The Dos and Don’ts of Currency Exchange

Tips on how to get the best value for your dollar abroad

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Kassandra Ruiz sitting on the rock at Devils Punchbowl trail in Angeles National Forest in Los Angeles, CA. Photo credit: Travis Jepeway/ SAC.Media. Photo illustration: Kassandra Ruiz/ SAC.Media.

There is no greater feeling than finally going on vacation. However, you must be careful on how you exchange your funds to local currency. There’s a large risk of losing value to your dollar if you don’t know the basics of currency exchange.

I’ve put together a list of dos and don’ts to ensure you get the best value for your dollar when traveling abroad.

Do use your credit card.

A credit card with no foreign transaction fees is the best way to get the most out of your money because you will be charged the exact foreign exchange rate for your purchases.

If you don’t have any established credit, I suggest you apply for the Capital One Platinum MasterCard. This was my first credit card. By only putting down a $40 deposit with a zero dollar annual fee, they accepted me without any credit. Do not waste your time applying to other cards; they will not take you and you’ll hurt your pre-existing credit. Plus, Capital One does not require you to give them a call before traveling abroad. This avoids any misunderstandings and the possibility of getting your card blocked.

The last thing to know about traveling with a credit card is that it is okay to max out your card. In fact, it will actually raise your credit score if you pay it in full before the due date. When I maxed out my credit card while traveling abroad, I was actually able to raise my credit score by 70 points. So, don’t be afraid, but make sure you stay on top of your payments and due dates.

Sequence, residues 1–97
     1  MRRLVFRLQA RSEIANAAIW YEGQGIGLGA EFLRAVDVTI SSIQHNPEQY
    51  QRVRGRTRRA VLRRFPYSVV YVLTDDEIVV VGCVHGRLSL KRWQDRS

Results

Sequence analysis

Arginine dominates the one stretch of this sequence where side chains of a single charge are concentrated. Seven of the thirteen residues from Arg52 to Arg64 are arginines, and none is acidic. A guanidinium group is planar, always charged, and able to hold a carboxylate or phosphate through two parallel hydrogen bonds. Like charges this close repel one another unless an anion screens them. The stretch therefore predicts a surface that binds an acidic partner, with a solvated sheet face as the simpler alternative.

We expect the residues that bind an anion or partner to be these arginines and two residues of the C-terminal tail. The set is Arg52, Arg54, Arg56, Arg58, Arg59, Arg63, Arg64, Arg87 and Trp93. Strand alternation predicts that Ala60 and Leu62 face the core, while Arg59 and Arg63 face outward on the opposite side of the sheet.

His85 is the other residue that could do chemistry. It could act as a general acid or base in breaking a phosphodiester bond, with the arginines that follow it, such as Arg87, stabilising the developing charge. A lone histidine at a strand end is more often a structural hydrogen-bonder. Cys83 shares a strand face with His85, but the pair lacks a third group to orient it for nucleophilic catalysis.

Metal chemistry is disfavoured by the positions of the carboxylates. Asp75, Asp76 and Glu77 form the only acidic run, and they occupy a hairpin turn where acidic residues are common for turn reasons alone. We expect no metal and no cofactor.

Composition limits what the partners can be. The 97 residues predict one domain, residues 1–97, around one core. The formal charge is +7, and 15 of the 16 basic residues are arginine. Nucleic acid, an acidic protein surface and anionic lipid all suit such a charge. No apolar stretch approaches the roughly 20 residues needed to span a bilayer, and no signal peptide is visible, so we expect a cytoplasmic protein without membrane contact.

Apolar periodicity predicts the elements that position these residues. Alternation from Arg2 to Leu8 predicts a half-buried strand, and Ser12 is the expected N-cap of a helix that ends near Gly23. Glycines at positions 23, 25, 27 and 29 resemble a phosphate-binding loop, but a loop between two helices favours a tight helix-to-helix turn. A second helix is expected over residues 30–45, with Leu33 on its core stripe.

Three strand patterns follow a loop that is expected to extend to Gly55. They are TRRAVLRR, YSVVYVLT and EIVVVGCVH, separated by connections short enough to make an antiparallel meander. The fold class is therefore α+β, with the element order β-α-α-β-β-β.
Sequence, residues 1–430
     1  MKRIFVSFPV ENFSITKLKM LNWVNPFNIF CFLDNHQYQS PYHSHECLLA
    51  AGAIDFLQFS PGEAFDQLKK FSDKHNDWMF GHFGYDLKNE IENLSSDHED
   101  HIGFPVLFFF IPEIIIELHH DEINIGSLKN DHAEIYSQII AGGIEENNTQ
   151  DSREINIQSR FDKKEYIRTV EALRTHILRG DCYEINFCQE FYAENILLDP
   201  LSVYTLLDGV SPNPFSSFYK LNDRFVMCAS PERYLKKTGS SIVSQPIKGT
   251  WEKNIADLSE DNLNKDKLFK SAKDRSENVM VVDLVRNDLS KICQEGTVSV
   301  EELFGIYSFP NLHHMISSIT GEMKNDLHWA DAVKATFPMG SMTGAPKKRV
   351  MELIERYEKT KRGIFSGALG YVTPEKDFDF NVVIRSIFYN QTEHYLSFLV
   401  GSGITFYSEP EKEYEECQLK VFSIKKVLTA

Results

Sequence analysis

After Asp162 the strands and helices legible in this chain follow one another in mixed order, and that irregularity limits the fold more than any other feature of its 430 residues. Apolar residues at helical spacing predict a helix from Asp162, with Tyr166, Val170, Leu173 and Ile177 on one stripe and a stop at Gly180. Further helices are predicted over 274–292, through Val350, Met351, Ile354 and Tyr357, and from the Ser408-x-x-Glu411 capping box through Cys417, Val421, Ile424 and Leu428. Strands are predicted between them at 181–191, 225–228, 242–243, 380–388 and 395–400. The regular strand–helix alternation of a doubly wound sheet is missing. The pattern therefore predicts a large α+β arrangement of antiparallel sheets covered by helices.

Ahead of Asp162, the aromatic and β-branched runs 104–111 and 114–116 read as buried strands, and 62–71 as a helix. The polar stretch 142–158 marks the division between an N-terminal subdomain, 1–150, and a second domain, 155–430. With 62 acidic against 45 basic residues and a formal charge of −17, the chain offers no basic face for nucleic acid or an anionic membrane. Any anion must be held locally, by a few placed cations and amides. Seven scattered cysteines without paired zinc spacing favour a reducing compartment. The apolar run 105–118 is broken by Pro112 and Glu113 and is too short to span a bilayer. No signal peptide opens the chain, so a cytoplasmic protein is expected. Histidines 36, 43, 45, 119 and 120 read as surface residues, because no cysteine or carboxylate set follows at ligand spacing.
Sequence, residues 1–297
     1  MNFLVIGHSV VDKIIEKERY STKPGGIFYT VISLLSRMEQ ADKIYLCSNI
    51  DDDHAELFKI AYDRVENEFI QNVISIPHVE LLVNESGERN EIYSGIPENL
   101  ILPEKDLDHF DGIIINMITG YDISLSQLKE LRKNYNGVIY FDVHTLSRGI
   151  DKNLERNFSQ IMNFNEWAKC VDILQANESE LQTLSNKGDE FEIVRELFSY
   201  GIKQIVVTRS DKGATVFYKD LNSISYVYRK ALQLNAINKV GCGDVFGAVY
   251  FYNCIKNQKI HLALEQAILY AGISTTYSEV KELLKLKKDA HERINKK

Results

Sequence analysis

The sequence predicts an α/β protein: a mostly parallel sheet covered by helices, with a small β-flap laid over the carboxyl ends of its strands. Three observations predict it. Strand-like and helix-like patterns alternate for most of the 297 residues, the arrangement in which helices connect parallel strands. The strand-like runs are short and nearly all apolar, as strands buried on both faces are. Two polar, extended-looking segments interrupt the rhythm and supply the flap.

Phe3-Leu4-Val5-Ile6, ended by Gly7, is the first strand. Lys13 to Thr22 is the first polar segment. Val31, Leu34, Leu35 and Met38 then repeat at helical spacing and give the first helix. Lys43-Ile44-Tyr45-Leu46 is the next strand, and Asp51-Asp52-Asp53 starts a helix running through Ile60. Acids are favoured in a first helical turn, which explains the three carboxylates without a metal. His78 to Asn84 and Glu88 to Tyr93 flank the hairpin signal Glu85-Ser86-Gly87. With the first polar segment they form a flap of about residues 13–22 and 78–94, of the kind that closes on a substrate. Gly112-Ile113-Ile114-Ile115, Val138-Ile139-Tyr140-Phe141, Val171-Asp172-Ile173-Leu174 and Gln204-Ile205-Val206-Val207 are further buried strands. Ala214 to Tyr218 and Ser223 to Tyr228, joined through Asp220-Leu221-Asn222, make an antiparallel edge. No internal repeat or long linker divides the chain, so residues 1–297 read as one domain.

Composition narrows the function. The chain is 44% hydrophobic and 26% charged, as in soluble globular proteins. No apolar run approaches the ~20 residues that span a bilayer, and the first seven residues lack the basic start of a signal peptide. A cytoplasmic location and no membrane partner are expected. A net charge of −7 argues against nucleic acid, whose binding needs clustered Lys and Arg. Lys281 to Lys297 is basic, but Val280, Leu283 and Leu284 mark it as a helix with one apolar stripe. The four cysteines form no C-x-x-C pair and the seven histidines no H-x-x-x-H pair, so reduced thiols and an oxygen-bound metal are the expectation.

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Graphic credit: Kassandra Ruiz/ SAC.Media

Do bring your debit card.

Many well-known banks charge hefty fees for using your debit card internationally, but you still need it in case of an emergency. You do not want to be left stranded without any access to cash. Always bring your debit card.

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Do bring cash.

You never know when someone will not accept a card. So make sure you have some cash in the local currency.

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Photo credit: epSos.de

However, don’t bring too much cash.

If something happens such as getting robbed or you lose your money, you don’t want to end up in a crisis.

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Don’t exchange your cash at your destination.

You are probably traveling to a touristy location which means currency exchange shops are going to be ridiculously expensive. You will lose a lot of money exchanging your cash at your destination and you are better off withdrawing from an ATM.

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Do always exchange your money before you travel.

This does not include the airport. I exchange my cash at Currency Exchange International located in the Ontario Mills Mall. They tend to have competitive rates. I also hear there are some good spots in Downtown Los Angeles. So do some research and make sure to get that cash beforehand.

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Don’t pay in USD versus local currency.

Sometimes when you pay with a card in another country, it will ask you if you would like to pay in USD or local currency. If you are paying with your credit card that has no foreign transaction fees, always pick local currency. When you select USD, it will charge you at their exchange rate which is higher than the actual exchange rate and therefore you will be losing out on your money. I cannot stress this enough, always select local currency.

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Graphic credit: Kassandra Ruiz/ SAC.Media

There are a lot of pitfalls in exchanging your currency, but hopefully these tips can help you avoid losing your money.